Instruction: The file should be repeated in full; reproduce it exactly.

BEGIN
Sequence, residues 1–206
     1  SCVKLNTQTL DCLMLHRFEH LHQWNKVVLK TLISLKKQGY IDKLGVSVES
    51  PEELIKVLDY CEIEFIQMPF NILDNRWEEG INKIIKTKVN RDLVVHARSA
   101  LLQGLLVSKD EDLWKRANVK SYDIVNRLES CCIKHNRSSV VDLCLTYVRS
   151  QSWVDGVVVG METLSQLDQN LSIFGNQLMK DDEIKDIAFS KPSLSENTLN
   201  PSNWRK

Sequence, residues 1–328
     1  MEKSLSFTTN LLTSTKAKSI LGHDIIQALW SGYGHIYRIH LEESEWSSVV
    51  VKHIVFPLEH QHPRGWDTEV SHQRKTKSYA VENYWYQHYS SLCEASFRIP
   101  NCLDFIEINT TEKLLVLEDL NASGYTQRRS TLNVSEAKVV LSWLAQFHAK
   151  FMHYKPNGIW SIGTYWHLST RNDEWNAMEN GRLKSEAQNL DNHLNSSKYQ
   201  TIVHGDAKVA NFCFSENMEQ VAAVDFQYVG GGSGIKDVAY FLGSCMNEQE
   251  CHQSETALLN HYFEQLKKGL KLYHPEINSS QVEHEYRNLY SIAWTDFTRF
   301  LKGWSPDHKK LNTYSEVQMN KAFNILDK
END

Sequence, residues 1–206
     1  SCVKLNTQTL DCLMLHRFEH LHQWNKVVLK TLISLKKQGY IDKLGVSVES
    51  PEELIKVLDY CEIEFIQMPF NILDNRWEEG INKIIKTKVN RDLVVHARSA
   101  LLQGLLVSKD EDLWKRANVK SYDIVNRLES CCIKHNRSSV VDLCLTYVRS
   151  QSWVDGVVVG METLSQLDQN LSIFGNQLMK DDEIKDIAFS KPSLSENTLN
   201  PSNWRK

Sequence, residues 1–328
     1  MEKSLSFTTN LLTSTKAKSI LGHDIIQALW SGYGHIYRIH LEESEWSSVV
    51  VKHIVFPLEH QHPRGWDTEV SHQRKTKSYA VENYWYQHYS SLCEASFRIP
   101  NCLDFIEINT TEKLLVLEDL NASGYTQRRS TLNVSEAKVV LSWLAQFHAK
   151  FMHYKPNGIW SIGTYWHLST RNDEWNAMEN GRLKSEAQNL DNHLNSSKYQ
   201  TIVHGDAKVA NFCFSENMEQ VAAVDFQYVG GGSGIKDVAY FLGSCMNEQE
   251  CHQSETALLN HYFEQLKKGL KLYHPEINSS QVEHEYRNLY SIAWTDFTRF
   301  LKGWSPDHKK LNTYSEVQMN KAFNILDK